Years ago there was an event, rather new at the time, that required much tact, planning, and decision making. The event was the DRIVE-IN movie. Items to consider prior to taking a date to this event were numerous. Back then, most parents didn’t like drive-in movies. Therefore, a fellow had to gain so many brownie points before a drive-in was permissible. The first few trips might require double dating decisions involved possibly getting a friend to date someone in order to have a couple, and being sure the other couple also had adequate points with all sets of parents.
DRIVE-IN THEATER DOTHAN ( John Margolies Roadside America photograph archive (1972-2008), Library of Congress, Prints and Photographs Division.)
Who would drive?
Next, you needed to decide who would drive and who would sit in the back seat. Transportation was an important consideration in that the worst kind of car for a drive-in was a roadster/convertible with no top. Next, to worst was a car with bucket seats and shift console between the front seats. These cars were not designed for drive-ins.
Selection of which drive-in to go to did not require as much thought as which movie theater to go to. By going to a drive-in, you might even consider going to a picture you had already “seen”. As you can tell, working out such things could take days.
Where to park?
Once you have made all the above decisions and arrived at the drive-in, you still had several decisions to make and one of the biggest was where to park. You absolutely could not park by the concession stand, next to anyone you knew, next to anyone who even looked like they knew you, or to be so crazy as to park on the back row. After the car engine was cut off, you had to decide if the movie speaker should be in the front or in the back.
This was not too hard to decide since you had some guidelines to go by. For instance, if it was a couple’s first time together, they would get the speaker. If a couple had “seen” the movie they would not need to be the closest to the speaker. Prior to the movie, music was always coming from the speaker (you could usually hear Patti Page singing “ The Tennessee Waltz”). You needed to know if your date liked what music was being played and if the volume was okay. Of course, turning the sound down meant that you were confident in carrying on an interesting conversation.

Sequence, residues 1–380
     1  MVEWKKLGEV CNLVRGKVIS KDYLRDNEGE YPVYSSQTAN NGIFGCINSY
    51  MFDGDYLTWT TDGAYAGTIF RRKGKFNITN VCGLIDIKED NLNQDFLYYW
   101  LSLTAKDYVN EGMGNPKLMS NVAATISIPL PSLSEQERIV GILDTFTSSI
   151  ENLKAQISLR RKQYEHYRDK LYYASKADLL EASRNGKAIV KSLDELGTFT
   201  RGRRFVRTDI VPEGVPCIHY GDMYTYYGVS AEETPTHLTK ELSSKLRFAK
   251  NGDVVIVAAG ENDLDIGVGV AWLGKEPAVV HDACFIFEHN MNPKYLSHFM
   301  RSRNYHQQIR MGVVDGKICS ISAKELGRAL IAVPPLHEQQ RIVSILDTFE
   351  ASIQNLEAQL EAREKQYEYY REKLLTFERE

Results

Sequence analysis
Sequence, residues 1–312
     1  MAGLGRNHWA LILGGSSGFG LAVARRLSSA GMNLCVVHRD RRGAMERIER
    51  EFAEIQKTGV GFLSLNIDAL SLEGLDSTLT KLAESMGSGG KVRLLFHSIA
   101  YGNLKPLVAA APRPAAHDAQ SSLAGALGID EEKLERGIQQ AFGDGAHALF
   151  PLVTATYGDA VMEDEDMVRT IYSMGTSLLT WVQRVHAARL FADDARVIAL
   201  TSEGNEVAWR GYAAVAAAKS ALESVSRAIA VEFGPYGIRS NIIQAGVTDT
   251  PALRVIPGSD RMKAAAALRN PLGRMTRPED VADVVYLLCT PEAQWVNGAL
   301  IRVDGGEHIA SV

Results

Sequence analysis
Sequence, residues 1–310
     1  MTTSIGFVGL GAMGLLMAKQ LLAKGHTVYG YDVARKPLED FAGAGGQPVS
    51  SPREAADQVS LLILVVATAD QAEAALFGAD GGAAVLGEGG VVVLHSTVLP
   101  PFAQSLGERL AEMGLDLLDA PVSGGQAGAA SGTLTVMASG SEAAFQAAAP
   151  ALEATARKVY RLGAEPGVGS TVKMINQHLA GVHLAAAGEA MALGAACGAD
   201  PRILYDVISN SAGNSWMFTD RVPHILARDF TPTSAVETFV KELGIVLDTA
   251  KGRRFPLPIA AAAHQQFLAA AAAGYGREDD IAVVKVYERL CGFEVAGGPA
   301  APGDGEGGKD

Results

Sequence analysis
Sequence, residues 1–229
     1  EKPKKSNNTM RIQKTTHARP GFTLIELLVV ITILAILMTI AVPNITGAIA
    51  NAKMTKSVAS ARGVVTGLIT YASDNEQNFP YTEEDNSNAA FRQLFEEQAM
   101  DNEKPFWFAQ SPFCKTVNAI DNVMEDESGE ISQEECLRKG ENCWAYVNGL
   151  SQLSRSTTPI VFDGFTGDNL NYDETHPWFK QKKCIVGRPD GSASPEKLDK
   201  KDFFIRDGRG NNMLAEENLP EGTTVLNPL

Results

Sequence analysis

Airway Drive-In Theater sign, Route 180 ( John Margolies Roadside America photograph archive (1972-2008), Library of Congress, Prints and Photographs Division.)
Concession stand decisions
Finally, the screen would light up with the loud ads about all the goodies at the concession stand and then they would show previews of coming attractions. It was practical to get this part off first because it usually wasn’t dark yet, which meant everyone was still sitting where they were when you parked the car. When the actual feature began, it was a matter of “courtesy” that each couple sit close together. Those in the front seat had to sit behind the steering wheel and those in back on the right side of the car. This was practical since those in back would not have to look through the steering wheel.
Those of us, who remember such times, do so with a chuckle, a smile, or a sigh. However, those who remember might also recall that DURING THE REST OF THE MOVIE, the decisions you made would be remembered the rest of your life. Those who could handle the drive-in decisions could usually handle future major decisions as adults later on.
VINEGAR OF THE FOUR THIEVES: Recipes & curious tips from the past a collection of household tips, medical cures, clothing care and old recipes from the 1800’s and 1900’s. Many of the tips, such as the household cleaners, cooking tips and ways to control pests, still work and are helpful in today’s ‘green’ environment while others such as ‘how to cure a dog of eating eggs’ will make you laugh. Either way, this book will help you appreciate the difficult life your grandparents endured.
With Bonus: First two chapters of novel Ribbon of Love